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The321

can i upgrade laptop gpu?

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Posted · Original PosterOP

i have a

Lenovo Legion Y540-15IRH

Can i upgrade the gpu in this laptop down the road?

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Just now, Levent said:

By the looks of it, GPU is soldered on, so no.

Nope. most of the modern Laptop GPU is soldered. and you cant Add eGPU because its not thunderbolt 3


--------------------------------------------------------------------------------    Spec: Asus Vivobook S140UN    ---------------------------------------------------------------------------

 

| CPU: i5-8250U Turbo 3.4Ghz | 

| RAM: 8 single-channel DDR4 2333mhz |

| Storage: 128GB Sandisk SSD + 1TB HTSG HDD

 | GPU: MX-150 4Gb 25 TDP |

| Monitor: LGMK430H-B |

| Audio: JBL 450BT Wireless Headset |

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Yes, but not worth the effort.


PC: CPU - 8700K 4.8ghz -1avx 1.224V  |  GPU - 5700XT 2100mhz 1.145V target  |  Motherboard - Aorus Z390 Pro Wifi | RAM - Ballistix sport LT 3200mhz red @ 3800mhz 15-20-20-35 1T 1.428V  |  Cooler - nh-d15  |  SSD - 960 evo 250GB, mx300 750GB, mx500 500GB  |  PSU - 750W G2  |   Case - Cooler Master MasterBox 5

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No, upgrading the card on the Y540 is physically impossible. Anyone telling you otherwise is lying

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Nope. The only laptop with an upgradable GPU on the market as far as i know is the AlienWare Area 51m. Thats why picking a laptop with a good GPU is so important. Push comes to shove a majority of times you can probably upgrade the ram or storage but not the GPU.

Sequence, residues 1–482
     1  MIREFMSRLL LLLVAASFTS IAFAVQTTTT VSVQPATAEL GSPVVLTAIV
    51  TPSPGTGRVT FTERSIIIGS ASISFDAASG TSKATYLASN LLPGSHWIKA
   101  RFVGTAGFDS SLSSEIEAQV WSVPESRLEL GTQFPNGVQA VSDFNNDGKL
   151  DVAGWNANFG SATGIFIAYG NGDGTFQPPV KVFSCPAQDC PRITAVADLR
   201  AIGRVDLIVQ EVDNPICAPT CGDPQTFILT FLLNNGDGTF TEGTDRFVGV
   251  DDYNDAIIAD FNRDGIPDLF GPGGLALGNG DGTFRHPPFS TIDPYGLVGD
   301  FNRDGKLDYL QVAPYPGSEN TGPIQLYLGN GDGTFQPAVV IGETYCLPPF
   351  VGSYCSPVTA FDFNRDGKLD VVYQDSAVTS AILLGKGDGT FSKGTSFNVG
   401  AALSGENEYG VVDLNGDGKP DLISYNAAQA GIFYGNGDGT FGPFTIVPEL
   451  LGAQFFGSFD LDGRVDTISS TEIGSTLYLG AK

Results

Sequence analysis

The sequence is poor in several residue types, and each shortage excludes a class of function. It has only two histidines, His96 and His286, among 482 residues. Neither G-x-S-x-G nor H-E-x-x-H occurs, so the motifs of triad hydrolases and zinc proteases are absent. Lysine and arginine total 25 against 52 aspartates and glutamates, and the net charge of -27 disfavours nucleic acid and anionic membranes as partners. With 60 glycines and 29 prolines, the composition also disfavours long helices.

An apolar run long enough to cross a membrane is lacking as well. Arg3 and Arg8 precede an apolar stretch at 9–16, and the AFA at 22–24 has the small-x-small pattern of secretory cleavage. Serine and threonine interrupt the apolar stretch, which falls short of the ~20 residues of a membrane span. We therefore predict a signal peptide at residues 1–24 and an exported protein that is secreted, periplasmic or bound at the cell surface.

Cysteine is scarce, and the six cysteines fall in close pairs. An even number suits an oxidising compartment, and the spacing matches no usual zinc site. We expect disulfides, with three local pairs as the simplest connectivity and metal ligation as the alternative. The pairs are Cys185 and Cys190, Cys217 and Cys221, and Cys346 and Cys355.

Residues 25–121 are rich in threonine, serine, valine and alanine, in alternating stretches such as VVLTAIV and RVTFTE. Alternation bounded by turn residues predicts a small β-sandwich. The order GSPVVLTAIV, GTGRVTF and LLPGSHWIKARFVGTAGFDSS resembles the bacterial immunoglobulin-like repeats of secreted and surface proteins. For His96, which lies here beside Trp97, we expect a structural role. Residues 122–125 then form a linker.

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On 9/9/2019 at 10:52 PM, 5x5 said:

No, upgrading the card on the Y540 is physically impossible. Anyone telling you otherwise is lying

Well, it's not impossible, but the process just doesn't worth it, and also, the risk.

 

First, you need someone who know how to crack a BIOS. The BIOS has to be edited to accept the new GPU chip.

Secondly, the GPU chip must have the same connection (means you can likely get a better GPU chip of the same gen/series to work, but not future GPU chips). You also need to understand the circuitry of the motherboard, the power rails and chokes the GPU chips demand.

Third, and the most risky part, desolder the GPU chip and solder the new GPU chip. It's an extreme risky part of the process. Success rate is very limited as well.

 

Once you get that done, you need to deal with one last thing: The heatsink.

 

With that said, it will be better for you just to get a new laptop than to go through all the hassles, or just change the motherboard with a better GPU altogether.

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